THE Productivity Commission has attacked the Rudd Government's plans to hand out billions of dollars worth of free emission permits to emission-intensive firms, warning that it would just shift the burden of adjustment to other industries.
In its annual report on government assistance to industry, the Commission says the $8.2 billion hand-outs originally proposed for carbon-intensive firms in 2011-12 would virtually double Federal Government spending on industry support. Even under the Howard government, it says, budget spending and tax breaks for business shot up from $5.1 billion to $8.4 billion in the five years to 2007-08.
The Rudd Government's spending plans for research and development, the car industry and the farm sector would add another $20 billion in coming years, it says. But the emissions trading scheme would put all that in the shade.
The commission says free permits to emission-intensive firms alone would cost taxpayers $6.5 billion in 2011-12 under the original plans — now postponed for two years due to the global financial crisis.
The Government says the free permits are needed to stop firms shifting production to countries without carbon caps — "carbon leakage" — and the Coalition and industry say they are not generous enough. But the Commission says they will be too expensive and wasteful, and make other firms bear the burden of reducing emissions.
"Policies that counteract carbon leakage will most likely transfer the abatement task to other sectors," it warns. "This will impose additional costs on other firms that must buy permits to emit greenhouse gases."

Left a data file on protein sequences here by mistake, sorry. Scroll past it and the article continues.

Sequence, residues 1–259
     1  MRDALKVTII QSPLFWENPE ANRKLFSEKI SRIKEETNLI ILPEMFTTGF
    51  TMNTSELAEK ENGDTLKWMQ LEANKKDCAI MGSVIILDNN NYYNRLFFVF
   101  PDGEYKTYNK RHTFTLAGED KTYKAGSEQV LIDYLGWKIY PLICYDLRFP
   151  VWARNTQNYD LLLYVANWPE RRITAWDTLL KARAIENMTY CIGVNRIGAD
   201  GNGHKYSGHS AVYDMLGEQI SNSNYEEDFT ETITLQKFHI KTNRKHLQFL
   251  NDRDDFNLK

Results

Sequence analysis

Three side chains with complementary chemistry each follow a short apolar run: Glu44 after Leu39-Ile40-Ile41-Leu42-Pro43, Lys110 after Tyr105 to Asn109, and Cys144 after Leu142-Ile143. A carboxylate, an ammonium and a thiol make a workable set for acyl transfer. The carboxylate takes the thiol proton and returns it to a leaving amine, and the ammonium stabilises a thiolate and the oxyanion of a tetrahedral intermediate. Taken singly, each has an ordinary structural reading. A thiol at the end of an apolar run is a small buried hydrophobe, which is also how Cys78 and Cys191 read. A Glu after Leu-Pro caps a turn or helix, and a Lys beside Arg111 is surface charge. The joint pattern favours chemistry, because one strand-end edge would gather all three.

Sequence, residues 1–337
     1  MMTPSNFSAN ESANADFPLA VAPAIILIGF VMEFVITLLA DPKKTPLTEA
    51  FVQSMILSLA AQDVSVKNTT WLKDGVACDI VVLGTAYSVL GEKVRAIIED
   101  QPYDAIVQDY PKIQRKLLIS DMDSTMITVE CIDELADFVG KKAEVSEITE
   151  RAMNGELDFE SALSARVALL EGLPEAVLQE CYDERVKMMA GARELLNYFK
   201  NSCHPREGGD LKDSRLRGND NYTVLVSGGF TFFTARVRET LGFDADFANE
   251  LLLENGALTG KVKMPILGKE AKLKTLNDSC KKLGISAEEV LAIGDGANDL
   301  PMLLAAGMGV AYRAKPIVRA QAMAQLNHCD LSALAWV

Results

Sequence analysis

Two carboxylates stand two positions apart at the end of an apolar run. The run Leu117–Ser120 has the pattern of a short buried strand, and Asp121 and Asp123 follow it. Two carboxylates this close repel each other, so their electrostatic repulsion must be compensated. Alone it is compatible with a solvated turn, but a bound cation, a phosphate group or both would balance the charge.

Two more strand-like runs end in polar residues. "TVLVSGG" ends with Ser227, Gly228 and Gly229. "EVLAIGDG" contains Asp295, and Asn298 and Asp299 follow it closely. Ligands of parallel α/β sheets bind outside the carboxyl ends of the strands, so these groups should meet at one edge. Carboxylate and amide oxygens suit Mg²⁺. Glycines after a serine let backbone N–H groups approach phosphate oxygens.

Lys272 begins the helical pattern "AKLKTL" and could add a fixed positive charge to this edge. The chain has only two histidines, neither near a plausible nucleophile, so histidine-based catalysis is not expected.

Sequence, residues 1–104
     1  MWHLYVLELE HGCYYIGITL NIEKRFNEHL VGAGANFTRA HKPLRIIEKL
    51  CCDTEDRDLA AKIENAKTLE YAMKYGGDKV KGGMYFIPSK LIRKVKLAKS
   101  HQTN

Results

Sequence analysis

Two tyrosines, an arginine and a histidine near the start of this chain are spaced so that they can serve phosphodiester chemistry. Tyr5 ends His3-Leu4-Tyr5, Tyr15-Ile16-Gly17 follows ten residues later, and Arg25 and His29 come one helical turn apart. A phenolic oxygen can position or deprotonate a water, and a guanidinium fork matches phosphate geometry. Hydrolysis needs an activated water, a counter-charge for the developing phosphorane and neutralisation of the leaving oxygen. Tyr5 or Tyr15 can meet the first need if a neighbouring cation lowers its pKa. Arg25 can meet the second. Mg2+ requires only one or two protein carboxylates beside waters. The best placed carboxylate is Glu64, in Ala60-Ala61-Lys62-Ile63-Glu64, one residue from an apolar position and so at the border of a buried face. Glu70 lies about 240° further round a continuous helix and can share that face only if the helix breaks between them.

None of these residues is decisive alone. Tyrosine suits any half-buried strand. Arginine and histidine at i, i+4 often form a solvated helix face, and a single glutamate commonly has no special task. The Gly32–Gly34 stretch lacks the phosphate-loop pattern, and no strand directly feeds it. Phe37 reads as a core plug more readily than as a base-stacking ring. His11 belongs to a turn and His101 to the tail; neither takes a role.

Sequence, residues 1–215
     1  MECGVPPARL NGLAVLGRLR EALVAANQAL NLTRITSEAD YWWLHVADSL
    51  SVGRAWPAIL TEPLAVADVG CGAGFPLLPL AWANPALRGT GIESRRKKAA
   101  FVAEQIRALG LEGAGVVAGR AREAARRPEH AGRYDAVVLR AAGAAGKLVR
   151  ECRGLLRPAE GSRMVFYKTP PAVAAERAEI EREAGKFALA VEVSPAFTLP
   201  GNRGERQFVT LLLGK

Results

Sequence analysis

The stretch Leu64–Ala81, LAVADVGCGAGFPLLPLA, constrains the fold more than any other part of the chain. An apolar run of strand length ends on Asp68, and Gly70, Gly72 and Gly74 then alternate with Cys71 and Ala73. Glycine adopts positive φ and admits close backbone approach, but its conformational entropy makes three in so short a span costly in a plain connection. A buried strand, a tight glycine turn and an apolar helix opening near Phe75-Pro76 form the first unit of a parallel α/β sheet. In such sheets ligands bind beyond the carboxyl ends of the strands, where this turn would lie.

Plans to shield emissions-intensive industries mean other firms will have to do even more so that Australia's emissions reduction targets are met, the commission says. They will have to pay higher prices for the reduced supply of permits, reducing their output and increasing its price.
The commission urged the Government to set up a regular review mechanism to ensure that commitments were kept and targets met, as well as keeping the need for free permits under review.
Overall, the commission estimated that the Government in 2007-08 provided net assistance of $9.4 billion to specific industries, firms and business types: $8.4 billion through the budget and $1 billion in net tariff assistance.
The drought has made agriculture the most protected sector, with 7.5 per cent of farm revenues now due to government assistance, compared with 4.5 per cent in manufacturing.
Of the budget's $8.4 billion of support, $1.25 billion went to drought relief, $2.3 billion to research and development, and $1.36 billion on tax breaks and other support for small business.